People with Alzheimer’s or a related dementia may become more confused or nervous later in the day, often as the sun sets. This is called sundowning. They may see or hear things that are not there. They may accuse people of things that are not true, like stealing or lying, and may pace or walk back and forth. This is not done on purpose, and people with dementia cannot control it.
Why does this happen? People with dementia might be more tired in the late afternoon, or even react to their care partner’s feelings of being tired. The changing amounts of light and shadows can also be confusing or scary to them, especially as the sun sets earlier during the winter. However, there are a few simple ways you can help prevent sundowning from occurring.
Make changes at home:
- Turn the lights on early in the afternoon to make the house brighter
- Turn down (or turn off) the television or radio
- Turn on soothing music
- Avoid loud or confusing noises
- Clear a path for the person with dementia to walk back and forth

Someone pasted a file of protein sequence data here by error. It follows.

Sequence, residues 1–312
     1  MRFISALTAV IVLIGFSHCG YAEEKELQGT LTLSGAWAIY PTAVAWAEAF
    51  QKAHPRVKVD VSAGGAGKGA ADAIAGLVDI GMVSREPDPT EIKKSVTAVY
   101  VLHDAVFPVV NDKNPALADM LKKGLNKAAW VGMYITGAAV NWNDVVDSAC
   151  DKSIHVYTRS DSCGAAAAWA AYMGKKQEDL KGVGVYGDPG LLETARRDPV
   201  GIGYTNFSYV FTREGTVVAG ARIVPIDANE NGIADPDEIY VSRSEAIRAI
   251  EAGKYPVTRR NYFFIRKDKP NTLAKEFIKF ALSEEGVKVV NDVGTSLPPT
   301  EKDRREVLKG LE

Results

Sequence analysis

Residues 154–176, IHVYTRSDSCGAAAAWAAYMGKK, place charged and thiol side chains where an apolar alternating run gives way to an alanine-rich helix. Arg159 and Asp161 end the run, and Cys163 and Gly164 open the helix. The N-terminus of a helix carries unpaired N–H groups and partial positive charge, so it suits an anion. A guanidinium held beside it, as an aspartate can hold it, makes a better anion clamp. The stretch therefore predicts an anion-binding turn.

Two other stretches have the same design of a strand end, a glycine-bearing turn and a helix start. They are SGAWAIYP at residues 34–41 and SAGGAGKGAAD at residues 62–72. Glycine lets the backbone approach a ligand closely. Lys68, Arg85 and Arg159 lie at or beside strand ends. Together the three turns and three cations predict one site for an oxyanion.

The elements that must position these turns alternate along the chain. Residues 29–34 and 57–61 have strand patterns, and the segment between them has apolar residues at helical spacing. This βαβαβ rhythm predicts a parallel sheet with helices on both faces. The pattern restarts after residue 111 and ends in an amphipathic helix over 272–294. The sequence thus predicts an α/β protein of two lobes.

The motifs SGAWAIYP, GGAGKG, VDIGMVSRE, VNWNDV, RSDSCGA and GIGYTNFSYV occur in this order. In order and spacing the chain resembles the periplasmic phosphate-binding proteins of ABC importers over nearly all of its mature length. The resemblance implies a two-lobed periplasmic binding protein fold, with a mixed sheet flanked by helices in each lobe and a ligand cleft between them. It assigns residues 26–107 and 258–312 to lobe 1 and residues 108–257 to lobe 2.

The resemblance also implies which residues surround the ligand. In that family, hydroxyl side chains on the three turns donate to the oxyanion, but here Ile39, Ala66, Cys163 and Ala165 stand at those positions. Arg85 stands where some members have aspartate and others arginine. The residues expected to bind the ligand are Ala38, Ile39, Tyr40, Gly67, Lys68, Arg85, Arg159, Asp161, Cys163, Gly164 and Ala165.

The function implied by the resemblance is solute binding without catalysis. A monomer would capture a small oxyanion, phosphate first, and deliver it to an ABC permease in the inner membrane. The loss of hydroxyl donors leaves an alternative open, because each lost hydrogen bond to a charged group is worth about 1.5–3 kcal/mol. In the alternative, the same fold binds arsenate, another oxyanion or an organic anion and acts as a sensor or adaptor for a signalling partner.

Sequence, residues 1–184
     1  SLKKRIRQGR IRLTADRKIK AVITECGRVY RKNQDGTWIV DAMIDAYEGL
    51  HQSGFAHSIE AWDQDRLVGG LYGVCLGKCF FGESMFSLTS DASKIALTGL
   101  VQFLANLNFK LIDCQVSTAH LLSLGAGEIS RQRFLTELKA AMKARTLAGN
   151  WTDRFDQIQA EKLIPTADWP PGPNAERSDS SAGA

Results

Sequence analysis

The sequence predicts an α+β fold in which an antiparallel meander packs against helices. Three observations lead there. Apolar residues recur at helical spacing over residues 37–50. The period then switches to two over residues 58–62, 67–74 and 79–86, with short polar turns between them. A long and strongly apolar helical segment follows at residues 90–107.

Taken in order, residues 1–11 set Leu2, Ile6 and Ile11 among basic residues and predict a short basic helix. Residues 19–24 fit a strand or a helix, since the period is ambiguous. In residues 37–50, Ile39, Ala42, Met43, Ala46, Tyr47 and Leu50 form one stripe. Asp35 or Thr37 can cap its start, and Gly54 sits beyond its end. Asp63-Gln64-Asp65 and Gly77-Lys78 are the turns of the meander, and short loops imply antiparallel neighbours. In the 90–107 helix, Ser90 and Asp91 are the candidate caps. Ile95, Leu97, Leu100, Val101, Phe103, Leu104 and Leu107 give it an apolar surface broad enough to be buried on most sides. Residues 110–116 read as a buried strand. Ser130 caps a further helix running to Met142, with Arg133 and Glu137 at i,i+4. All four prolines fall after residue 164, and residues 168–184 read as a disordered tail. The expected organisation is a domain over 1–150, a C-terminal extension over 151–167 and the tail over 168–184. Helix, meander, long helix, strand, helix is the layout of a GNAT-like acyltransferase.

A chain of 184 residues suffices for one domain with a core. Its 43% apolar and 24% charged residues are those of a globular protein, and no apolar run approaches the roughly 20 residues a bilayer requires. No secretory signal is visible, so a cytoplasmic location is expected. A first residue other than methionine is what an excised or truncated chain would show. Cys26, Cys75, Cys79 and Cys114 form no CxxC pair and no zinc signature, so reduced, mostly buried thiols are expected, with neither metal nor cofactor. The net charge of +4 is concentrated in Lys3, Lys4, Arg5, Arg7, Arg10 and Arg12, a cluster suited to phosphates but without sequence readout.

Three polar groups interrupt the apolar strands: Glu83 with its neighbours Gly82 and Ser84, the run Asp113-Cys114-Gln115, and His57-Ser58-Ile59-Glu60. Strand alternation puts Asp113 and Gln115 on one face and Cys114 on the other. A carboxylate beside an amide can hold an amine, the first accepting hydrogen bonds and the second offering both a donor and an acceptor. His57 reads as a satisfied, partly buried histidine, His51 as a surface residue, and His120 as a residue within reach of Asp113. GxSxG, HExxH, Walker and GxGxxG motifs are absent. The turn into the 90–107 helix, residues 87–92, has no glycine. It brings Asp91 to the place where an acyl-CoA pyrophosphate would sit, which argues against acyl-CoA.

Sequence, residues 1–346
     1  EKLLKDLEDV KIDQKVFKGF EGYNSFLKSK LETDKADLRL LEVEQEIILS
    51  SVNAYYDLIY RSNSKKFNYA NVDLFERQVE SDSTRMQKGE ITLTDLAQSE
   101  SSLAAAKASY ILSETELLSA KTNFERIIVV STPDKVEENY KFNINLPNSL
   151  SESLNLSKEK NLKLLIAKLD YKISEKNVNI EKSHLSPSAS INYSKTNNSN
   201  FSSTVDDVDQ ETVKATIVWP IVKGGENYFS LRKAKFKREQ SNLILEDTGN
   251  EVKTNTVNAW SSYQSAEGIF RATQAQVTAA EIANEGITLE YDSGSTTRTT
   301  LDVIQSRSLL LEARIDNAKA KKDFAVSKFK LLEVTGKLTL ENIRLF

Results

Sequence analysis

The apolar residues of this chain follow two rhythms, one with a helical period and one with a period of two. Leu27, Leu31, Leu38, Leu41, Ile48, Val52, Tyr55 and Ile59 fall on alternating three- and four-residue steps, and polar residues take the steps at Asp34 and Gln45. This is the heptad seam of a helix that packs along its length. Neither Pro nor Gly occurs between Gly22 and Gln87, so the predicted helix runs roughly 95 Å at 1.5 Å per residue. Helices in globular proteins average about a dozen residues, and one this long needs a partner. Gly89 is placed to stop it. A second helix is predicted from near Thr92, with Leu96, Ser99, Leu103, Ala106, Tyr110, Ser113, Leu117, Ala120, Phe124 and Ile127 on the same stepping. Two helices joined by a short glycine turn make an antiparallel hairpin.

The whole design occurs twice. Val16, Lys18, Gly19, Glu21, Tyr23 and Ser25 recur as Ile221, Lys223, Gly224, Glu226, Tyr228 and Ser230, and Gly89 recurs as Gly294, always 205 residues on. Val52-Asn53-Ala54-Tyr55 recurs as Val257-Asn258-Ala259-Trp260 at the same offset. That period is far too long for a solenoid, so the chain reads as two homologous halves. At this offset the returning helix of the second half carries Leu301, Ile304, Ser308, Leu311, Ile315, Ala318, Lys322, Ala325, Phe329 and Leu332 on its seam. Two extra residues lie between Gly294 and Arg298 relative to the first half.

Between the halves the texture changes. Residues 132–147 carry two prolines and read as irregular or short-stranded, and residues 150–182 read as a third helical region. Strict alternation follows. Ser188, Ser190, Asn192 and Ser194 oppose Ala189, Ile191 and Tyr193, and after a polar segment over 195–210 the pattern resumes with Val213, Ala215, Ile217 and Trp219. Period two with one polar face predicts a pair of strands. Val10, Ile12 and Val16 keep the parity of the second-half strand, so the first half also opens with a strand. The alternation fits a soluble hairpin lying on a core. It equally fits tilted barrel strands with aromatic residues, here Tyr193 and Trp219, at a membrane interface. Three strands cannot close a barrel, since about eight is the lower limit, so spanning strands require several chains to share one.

Pay attention to meals and snacks:
- Provide a large meal at lunch and a light meal at dinner
- Cut down on caffeine and sugar after 3 PM
- Keep away from alcohol and cigarettes
Create a schedule:
- Try to ensure the person with dementia goes to bed and wakes up at the same time every day
- Take walks or dance to use up extra energy
- Plan doctor visits, outings, baths, and other activities in the morning
- Be calm and reassuring as a care partner
- Be flexible! If one idea doesn’t work, try another
- Try a new activity to distract from the anxiety, like sorting coins or drawing
For more information and support, contact Alzheimer’s San Diego at 858.492.4400.